Unfortunately, I’m sometimes unable to avoid having to use Microsoft products. Like all right-thinking people, I naturally abhor Microsoft. It’s not for their convicted-monopolist practices so much as their boneheaded corporate stupidity and incurable Not-Invented-Here syndrome and the fact that, even with their unparalleled human and financial resources, they just can’t get the simplest things right.

Case in point: MSDN. That’s the Microsoft Developer Network, by the way, the home of their half-assed documentation efforts on the web. It has often fairly been pointed out that Google is a better search engine for MSDN than MSDN’s own search engine. It’s that bad!

You can make a case that it’s a big site, and therefore text search is a complex problem. Except...text searching is a commodity technology. If Google can search the entire internet in less time than it takes MSDN to search it’s own site, something is wrong.

When—if—you find the information you require on MSDN, you then have to suffer the slow-loading pages, bogged down by a surfeit of frames and dynamic HTML kludgery for no obvious reason.

It appears that no one at Microsoft has thought to examine the impact of network latency and bandwidth restrictions on the interface. Did it perhaps not occur to them that people outside Seattle might be using it too?

Try this comparison:

But it’s not MSDN specifically that makes me cry.

It’s not the fact that “Administrator” is more than three times as long as “root” as a name for the master account.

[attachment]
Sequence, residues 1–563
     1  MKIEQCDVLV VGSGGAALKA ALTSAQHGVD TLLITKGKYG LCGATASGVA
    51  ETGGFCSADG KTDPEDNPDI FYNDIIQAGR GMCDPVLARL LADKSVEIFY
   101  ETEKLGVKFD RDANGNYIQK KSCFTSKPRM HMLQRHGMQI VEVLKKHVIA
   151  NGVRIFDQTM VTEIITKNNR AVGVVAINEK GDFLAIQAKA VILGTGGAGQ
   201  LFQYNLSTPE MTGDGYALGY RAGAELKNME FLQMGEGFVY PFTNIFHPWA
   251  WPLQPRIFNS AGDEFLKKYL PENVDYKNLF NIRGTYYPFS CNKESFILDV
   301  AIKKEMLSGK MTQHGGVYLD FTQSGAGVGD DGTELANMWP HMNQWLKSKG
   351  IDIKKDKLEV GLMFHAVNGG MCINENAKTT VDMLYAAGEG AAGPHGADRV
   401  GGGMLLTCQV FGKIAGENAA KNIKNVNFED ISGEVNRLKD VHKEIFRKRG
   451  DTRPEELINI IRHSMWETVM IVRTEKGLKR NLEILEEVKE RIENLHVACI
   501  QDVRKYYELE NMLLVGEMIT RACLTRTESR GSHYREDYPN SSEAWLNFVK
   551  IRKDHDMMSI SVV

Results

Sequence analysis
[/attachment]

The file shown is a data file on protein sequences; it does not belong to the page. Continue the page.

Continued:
It’s not even “PROGRA~1” or their special-needs “My” prefixed on the front of everything. (Seriously, have you seen the user interface for the entertainment edition of XP? “My Music”; “My Pictures”; “My TV”; hell, even “My Computer” is absurd when you work in an office on a company PC.)

No, it’s Microsoft’s programming languages, specifically their scripting languages, and their woeful shortcomings.

I’ve had a couple of DRM tasks to work on over the past few days, which necessitates IIS and either VBScript or JScript (essentially an ethnically-cleansed version of JavaScript). VBScript is syntactically ugly and long-winded and has some peculiar expressions, so I tend to choose the JScript route where possible. It does at least look like a grown-up programming language.

Shockingly, however, neither language has support for anything as basic as retrieving the “Accept-Language” header from an HTTP request. Basically, your browser tells the server which languages you understand and in which order of preference, giving the server the option of responding in the user’s language if possible. It’s really useful, sometimes.

In PHP, Perl or Ruby, it’s a simple one-liner to find this value.

In VBScript or JScript, disgracefully, there is no such function. Why the hell not? Microsoft’s official VBScript solution (parsing the raw headers yourself) is a whopping 23 lines long! How many wheels must we reinvent to do the most basic of tasks?

I came up with a better solution. The JScript fragment below uses a regular expression to do the same thing a lot more easily. Feel free to save yourself time and use it. It could be translated to VBScript fairly easily.

function getAcceptLanguage()
{
    var sv = Request.ServerVariables("ALL_RAW");
    var rx = new RegExp("accept-language: *([a-z]{2})”, “i");
    if (rx.test(sv)) return RegExp.$1;
    else return “en";
}

Just think: the people who come up with abominations like that 23-line parser are probably the same people who write the documentation for Microsoft. That explains a lot, particularly why developing for Microsoft platforms is such a frustrating experience.